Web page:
Pediatric antiretroviral adherence and child disclosure in Botswana
The scale-up of antiretrovirals (ARVs) to treat HIV/AIDS in Africa has been rapid over the last five years. Botswana was the first African nation to roll out a comprehensive ARV program, where ARVs are available to all citizens who qualify. Excellent adherence to these ARVs is necessary to maintain HIV suppression and on-going health of all individuals taking them. Children rely almost entirely on their caregivers for the administration of these medications, and very little research has been done to examine the factors which affect both adherence and disclosure to the child of their HIV status. Methods. This cross-sectional study used multiple methods to examine adherence, disclosure, and stigma across various dimensions of the child and caregiver's lives, including 30 caregiver questionnaires, interviewer-administered 3-day adherence recalls, pharmacy pill counts, and chart reviews. Fifty in-depth interviews were conducted with caregivers, male caregivers, teenagers, and health care providers. Results. Perceived family stigma was found to be a predictor of excellent adherence. After controlling for age, children who live with their mothers were significantly less likely to know their HIV status than children living with any other relative (OR=0.403, p=0.014). Children who have a grandmother living in the household or taking care of them each day are significantly more likely to have optimal adherence than children who don't have grandmother involvement in their daily lives. Discussion. Visible illness plays an intermediary role between adherence and perceived family stigma: Caregivers know that ARVs suppress physical manifestations of HIV, and in an effort to avoid unnecessary disclosure of the child's status to family members, therefore have children with excellent adherence. Grandmothers play a vital role in supporting the care and treatment of children in Botswana.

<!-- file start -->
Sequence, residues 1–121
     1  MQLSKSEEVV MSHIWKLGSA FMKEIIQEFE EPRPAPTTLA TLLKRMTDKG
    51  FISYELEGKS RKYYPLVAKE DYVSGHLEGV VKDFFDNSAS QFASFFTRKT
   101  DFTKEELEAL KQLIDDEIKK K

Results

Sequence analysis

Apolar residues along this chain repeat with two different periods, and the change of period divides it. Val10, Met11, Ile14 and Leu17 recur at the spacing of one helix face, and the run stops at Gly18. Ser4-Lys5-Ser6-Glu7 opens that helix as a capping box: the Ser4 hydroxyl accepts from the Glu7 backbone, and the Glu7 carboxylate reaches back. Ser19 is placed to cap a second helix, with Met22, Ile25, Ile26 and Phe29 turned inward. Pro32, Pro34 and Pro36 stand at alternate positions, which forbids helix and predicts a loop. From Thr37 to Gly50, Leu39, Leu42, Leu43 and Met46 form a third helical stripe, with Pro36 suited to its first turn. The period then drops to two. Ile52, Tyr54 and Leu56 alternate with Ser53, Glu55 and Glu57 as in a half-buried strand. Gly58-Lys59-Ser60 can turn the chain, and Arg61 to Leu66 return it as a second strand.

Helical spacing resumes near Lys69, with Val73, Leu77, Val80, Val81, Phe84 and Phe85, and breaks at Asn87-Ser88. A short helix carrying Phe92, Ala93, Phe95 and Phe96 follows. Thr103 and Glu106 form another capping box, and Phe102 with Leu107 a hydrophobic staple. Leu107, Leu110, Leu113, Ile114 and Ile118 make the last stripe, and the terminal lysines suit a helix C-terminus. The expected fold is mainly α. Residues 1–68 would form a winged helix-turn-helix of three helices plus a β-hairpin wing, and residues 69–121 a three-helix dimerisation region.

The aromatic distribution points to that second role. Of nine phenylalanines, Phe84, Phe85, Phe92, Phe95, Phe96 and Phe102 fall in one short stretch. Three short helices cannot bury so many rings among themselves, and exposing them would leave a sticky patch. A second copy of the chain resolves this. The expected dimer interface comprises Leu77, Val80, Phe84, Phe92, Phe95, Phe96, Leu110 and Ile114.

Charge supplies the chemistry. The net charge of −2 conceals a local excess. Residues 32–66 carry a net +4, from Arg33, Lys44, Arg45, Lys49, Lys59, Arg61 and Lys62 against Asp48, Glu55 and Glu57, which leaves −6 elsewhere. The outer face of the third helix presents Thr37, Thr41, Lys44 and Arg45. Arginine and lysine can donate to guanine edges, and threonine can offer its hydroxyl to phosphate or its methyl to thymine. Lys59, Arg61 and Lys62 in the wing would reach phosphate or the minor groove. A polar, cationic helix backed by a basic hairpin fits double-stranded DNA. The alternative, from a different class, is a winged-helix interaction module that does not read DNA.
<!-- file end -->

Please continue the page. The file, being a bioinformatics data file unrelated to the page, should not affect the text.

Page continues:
Tippett Barr, Beth A, "Pediatric antiretroviral adherence and child disclosure in Botswana" (2006). Texas Medical Center Dissertations (via ProQuest). AAI3259514.